The opinion of the court was delivered by: Honorable Barry Ted Moskowitz United States District Judge
ORDER DENYING MOTION TO DISMISS AND DENYING AS MOOT MOTION TO AMEND COMPLAINT
Defendants have filed a motion to dismiss Plaintiffs' Complaint for failure to state a claim. Plaintiffs have filed a motion to file an amended complaint that adds factual allegations in support of their fraud claims. For the reasons discussed below, Defendants' motion to dismiss is DENIED, and Plaintiffs' motion for leave to amend is DENIED AS MOOT.
On July 30, 2010, Plaintiffs filed their complaint in the Northern District of Alabama (Alabama Civil Case No. 10-cv-02093-RDP). On November 4, 2010, the case was transferred to the Southern District of California as a tag-along action to the In re Hydroxycut Marketing and Sales Practices multi-district litigation currently pending before the Court. Upon transfer, the case was assigned a separate civil case number in the Southern District of California (Case No. 10cv2269 BTM(CAB)).
Plaintiff Dewayne Lee Austin is a resident of New Mexico. Plaintiff Joselyn A. Hardwick is a resident of Alaska. Plaintiff Heather Pyle is a resident of Arkansas. Plaintiff Carl Quick, Jr. is a resident of Wyoming. According to the Complaint, Plaintiffs purchased certain Hydroxycut products and suffered physical injury as a result of the consumption of such products.
Plaintiffs assert the following claims against the defendants: (1) negligence/wantonness; (2) product liability; (3) intentional misrepresentation; (4) negligent misrepresentation; (5) breach of express warranty; (6) breach of implied warranty of merchantability; (7) breach of implied warranty of fitness for particular purpose; (8) unjust enrichment; and (9) fraud and misrepresentation.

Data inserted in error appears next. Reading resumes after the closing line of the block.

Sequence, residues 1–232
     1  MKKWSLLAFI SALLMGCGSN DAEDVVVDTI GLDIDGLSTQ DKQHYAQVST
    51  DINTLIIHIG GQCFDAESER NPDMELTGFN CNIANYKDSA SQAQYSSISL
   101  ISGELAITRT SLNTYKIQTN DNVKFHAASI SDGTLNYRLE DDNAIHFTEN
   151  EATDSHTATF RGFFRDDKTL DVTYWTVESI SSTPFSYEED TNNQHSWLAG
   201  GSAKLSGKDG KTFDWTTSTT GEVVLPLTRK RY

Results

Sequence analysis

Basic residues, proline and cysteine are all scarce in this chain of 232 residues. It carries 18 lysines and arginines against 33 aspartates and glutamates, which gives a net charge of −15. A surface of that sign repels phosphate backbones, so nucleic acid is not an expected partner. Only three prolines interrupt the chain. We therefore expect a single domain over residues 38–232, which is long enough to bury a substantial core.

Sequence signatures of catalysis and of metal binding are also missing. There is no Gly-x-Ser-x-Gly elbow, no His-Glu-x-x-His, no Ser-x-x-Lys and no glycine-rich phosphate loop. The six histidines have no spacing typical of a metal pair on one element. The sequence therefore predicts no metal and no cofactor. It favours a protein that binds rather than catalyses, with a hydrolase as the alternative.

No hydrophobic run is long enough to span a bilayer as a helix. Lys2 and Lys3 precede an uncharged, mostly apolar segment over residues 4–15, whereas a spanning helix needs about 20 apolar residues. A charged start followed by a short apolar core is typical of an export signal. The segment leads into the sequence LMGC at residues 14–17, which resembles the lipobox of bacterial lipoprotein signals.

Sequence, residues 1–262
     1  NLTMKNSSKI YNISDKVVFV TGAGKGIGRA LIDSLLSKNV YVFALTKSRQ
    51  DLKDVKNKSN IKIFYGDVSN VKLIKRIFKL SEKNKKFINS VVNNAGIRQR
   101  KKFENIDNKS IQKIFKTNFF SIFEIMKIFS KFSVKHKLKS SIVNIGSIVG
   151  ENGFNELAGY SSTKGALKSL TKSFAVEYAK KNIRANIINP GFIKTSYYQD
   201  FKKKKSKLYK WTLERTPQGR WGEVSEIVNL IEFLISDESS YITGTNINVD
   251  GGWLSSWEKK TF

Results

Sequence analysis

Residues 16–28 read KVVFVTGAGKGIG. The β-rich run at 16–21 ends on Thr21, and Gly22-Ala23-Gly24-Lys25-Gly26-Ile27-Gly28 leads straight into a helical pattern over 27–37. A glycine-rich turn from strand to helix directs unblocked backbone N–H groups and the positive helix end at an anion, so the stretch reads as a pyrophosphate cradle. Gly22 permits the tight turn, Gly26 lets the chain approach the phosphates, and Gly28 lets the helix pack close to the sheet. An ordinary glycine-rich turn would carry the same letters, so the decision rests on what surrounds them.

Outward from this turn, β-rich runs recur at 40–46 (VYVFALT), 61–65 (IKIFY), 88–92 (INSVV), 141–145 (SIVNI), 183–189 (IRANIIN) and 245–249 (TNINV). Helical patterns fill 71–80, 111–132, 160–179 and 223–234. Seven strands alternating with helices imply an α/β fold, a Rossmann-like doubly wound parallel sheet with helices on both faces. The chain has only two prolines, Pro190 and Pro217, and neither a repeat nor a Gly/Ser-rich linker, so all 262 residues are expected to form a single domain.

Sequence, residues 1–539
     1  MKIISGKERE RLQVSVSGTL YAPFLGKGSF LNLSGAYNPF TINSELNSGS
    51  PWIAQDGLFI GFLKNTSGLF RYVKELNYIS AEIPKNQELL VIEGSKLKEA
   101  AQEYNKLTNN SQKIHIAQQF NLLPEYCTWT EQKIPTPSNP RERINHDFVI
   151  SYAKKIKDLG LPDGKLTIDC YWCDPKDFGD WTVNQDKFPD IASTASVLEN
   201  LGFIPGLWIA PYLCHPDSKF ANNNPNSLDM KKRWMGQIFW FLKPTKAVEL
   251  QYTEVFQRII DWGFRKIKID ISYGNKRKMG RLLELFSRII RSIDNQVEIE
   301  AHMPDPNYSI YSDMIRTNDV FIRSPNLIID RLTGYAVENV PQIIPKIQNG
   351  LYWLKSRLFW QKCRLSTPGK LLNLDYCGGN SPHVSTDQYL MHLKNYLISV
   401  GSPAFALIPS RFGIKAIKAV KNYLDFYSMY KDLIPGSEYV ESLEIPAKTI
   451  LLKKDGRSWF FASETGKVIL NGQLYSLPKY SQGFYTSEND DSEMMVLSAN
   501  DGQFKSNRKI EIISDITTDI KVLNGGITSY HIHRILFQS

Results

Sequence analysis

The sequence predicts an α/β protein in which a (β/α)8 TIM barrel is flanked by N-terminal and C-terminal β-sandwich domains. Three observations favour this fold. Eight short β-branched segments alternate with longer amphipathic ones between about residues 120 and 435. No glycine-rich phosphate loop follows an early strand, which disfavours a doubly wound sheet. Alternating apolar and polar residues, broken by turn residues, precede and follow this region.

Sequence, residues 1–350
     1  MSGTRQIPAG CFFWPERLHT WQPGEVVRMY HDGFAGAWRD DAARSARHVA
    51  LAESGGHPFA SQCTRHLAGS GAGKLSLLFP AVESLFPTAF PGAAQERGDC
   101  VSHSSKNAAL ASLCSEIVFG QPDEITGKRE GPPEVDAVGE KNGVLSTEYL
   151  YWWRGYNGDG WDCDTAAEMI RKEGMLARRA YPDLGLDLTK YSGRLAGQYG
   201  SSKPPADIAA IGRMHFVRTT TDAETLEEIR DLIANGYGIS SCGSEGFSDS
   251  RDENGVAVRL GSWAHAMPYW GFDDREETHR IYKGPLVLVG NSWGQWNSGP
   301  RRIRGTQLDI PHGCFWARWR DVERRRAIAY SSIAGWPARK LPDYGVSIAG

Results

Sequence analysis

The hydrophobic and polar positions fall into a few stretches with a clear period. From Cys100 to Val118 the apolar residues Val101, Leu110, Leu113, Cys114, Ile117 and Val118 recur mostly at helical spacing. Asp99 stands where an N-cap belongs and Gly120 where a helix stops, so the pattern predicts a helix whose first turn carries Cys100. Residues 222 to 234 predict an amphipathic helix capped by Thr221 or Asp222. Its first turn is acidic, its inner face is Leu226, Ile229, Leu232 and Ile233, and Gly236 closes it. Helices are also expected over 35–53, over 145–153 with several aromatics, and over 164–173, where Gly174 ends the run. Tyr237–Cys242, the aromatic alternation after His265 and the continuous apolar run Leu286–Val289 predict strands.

After Defendants filed their motion to dismiss, Plaintiffs filed a First Amended Complaint (mislabeled "Second Amended Complaint") pursuant to a stipulation of the parties. The First Amended Complaint ("FAC") adds new defendants as well as more factual allegations in support of Plaintiffs' fraud claim. The Court construes the motion to apply to the FAC.
Defendants contend that Plaintiffs' fraud-based claims (intentional misrepresentation, negligent misrepresentation, and fraud and misrepresentation) fail because Plaintiffs have failed to satisfy the pleading requirements of Fed. R. Civ. P. 9(b).
Originally, Plaintiffs failed to identify what Hydroxycut product they took, when the product was consumed, what fraudulent statements or materials they relied on, how or where the misrepresentations were made, and when the fraudulent misrepresentations occurred.
In the FAC, Plaintiffs have added factual allegations remedying these defects. (FAC ¶ 51.) The Court is satisfied that Plaintiffs have pled fraud with sufficient specificity.
Defendants argue that Plaintiff Pyle's claim for "negligent
misrepresentation" must be
dismissed because Arkansas state law does not recognize such a cause
of action. However, Arkansas recognizes a cause of action for
"constructive fraud," which is "the making of misrepresentations by
one who, not knowing whether they are true or not, asserts them to be
true without knowledge of their falsity and without moral guilt or
evil intent." South County, Inc. v. First Western Loan Co., 871 S.W.2d
325, 327 (Ark. 1994). The Court will not dismiss Pyle's claim merely
because it is mislabeled "negligent misrepresentation." It would be a
waste of time and effort to require Plaintiffs to file a new complaint
for purposes of separating out Pyle's claim and re-labeling it
Defendants also argue that Plaintiff Quick's claim for "fraud and misrepresentation" should be dismissed because under Wyoming law, the "nondisclosure of information cannot support a claim for misrepresentation." Again, the issue is not whether Plaintiff has a legal claim but what the precise label should be under state law. Wyoming does recognize a cause of action for fraudulent concealment. See Throckmartin v. Century 21 Top Realty, 226 P.3d 793, 808 (Wyo. 2010). ...